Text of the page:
Lost in the storm surrounding new cloud products and leaked plans, Amazon Web Services and GoGrid both made some significant strides this week toward addressing key digital-rights management issues. Neither feature is particularly sexy by cloud computing standards, but both should improve the experience for enterprises as they move applications to the cloud.
AWS now offers a new feature called Identity and Access Management, which goes by the acronym IAM (like Congress, Amazon is getting cute with its acronyms). The IAM feature lets account holders grant various roles and permissions to other authorized users, so a developer working on an HR project wouldn’t be able to mess with the settings of a project in another area of the company because she doesn’t have permissions. This is nothing new for enterprise software, in which policies and permissions are commonplace to ensure security, compliance and performance for key applications, but it’s fairly new in the cloud, especially for AWS.
In his blog post announcing the new features, AWS Jeff Barr wrote that the initial capabilities “represent our first steps toward our long-term goals for IAM.”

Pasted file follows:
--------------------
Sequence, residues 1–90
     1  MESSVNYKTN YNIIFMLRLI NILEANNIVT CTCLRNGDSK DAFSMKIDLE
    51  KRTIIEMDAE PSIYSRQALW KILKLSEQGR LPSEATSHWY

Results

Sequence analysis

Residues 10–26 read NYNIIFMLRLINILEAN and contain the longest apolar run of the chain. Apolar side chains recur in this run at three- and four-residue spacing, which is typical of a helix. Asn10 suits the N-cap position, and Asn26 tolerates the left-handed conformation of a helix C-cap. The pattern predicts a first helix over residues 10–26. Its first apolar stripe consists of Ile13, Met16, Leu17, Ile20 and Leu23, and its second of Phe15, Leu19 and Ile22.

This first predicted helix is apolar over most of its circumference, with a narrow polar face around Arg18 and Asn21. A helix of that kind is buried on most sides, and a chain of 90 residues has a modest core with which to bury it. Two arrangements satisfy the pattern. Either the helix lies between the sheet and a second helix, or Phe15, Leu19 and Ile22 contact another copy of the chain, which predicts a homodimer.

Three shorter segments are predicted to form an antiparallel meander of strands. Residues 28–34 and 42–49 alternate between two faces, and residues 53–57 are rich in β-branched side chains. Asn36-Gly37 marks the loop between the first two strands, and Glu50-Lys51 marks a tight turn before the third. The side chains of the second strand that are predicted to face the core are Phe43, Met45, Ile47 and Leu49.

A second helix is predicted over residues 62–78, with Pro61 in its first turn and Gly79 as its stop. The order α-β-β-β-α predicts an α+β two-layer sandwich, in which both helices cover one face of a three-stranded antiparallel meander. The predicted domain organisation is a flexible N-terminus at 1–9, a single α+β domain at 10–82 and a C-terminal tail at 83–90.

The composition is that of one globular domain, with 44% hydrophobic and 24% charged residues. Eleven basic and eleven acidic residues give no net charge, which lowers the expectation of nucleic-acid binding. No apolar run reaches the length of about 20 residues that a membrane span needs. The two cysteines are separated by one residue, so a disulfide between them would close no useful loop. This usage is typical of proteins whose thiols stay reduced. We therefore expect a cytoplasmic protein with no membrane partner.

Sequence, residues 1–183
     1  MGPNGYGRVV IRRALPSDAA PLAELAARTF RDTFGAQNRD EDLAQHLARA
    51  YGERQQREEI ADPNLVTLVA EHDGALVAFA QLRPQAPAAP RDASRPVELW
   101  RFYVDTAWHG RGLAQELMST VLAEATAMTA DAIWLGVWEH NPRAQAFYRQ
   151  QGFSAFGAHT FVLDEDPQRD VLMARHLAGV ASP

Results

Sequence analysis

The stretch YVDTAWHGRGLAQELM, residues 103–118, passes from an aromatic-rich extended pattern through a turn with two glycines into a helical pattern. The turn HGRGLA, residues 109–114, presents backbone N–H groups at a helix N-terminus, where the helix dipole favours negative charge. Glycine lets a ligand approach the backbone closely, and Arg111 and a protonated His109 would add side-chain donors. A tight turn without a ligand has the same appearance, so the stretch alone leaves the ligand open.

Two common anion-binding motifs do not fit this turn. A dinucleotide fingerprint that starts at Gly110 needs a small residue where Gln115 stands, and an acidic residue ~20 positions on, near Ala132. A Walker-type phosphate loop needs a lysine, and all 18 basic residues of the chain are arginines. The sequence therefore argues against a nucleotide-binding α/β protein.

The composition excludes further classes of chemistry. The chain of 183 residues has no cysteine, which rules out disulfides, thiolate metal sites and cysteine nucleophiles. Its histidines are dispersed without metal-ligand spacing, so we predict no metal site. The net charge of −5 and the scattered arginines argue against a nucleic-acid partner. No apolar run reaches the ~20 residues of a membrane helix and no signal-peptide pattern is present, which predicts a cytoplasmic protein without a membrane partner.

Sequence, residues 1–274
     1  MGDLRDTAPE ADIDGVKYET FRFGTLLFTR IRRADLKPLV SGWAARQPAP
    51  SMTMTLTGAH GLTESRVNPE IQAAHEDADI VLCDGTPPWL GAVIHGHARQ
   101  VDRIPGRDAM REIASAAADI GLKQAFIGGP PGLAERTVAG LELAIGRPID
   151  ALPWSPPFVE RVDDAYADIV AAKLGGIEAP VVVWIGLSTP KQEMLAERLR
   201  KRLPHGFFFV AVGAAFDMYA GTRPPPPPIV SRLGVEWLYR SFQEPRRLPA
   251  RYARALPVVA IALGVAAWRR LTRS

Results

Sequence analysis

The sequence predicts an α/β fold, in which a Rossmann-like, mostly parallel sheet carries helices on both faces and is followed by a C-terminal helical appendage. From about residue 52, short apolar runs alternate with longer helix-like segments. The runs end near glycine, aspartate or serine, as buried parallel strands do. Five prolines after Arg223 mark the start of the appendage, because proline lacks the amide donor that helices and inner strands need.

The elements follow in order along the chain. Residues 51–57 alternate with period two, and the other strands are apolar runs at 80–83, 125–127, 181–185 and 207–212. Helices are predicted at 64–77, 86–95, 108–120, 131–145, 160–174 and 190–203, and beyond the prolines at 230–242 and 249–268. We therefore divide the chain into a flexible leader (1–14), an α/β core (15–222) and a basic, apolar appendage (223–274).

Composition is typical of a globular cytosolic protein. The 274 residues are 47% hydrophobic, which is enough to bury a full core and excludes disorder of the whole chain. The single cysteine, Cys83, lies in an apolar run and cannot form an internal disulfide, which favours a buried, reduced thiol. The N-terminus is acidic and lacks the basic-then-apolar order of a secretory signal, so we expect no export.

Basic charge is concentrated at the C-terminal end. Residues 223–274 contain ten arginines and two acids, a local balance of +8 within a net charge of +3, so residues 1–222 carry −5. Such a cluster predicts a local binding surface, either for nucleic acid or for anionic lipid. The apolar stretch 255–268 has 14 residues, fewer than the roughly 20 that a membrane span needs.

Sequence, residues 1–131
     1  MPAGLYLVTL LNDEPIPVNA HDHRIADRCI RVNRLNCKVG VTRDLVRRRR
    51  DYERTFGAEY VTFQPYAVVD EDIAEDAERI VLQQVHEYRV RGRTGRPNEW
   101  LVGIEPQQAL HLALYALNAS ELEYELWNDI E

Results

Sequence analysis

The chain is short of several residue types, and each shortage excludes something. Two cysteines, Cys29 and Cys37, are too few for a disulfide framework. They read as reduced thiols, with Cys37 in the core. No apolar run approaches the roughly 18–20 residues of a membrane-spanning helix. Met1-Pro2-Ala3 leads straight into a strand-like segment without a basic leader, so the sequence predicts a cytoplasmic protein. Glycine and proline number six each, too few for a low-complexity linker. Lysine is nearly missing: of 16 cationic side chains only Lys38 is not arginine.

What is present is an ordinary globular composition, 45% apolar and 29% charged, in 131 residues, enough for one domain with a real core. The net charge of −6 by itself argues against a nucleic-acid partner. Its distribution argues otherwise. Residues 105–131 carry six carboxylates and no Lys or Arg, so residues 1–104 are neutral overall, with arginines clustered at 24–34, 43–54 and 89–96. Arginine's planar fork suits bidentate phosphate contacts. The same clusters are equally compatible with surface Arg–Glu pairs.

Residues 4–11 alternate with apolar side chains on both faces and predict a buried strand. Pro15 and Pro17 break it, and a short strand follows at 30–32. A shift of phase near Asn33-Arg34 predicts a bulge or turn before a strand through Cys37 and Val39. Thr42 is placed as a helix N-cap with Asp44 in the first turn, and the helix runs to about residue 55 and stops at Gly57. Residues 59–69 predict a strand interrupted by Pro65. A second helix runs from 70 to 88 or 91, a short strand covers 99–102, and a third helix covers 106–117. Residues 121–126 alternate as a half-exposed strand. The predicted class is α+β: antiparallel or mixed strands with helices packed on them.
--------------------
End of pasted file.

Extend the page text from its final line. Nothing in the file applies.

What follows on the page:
For its part, GoGrid is attempting to simplify cloud licensing for its independent software vendor (ISV) partners via a system called Image Rights Management. As explained in the press release:
Once a partner application is live in the GoGrid Exchange marketplace and available for GoGrid’s customers to deploy through value-added subscription plans, the IRM system automatically tracks instances where the application is actually running within the GoGrid cloud. The system then authenticates whether or not the application is operating on a validly deployed cloud server for which GoGrid is collecting the required subscription fees on behalf of the partner.
Licensing has long been a sticking point for ISVs in cloud-enabling their applications, which is why partner programs like the GoGrid Exchange, through which the cloud provider handles most of the heavy lifting, have proliferated. The IRM just takes this a step further by helping ISV partners monitor unauthorized use in IaaS environments. IRM doesn’t directly affect end-users (except to the degree it eliminates the option of running software on unauthorized servers), but it should help them by luring more ISVs into making their applications available in the cloud. Initial IRM partners include Zeus Technology, Gazzang and CloudPassage.
Access management and license enforcement won’t cure all the ills of cloud computing, but they likely will make cloud computing appear like a much safer investment for enterprise users and ISVs alike.
Image courtesy of Amazon Web Services.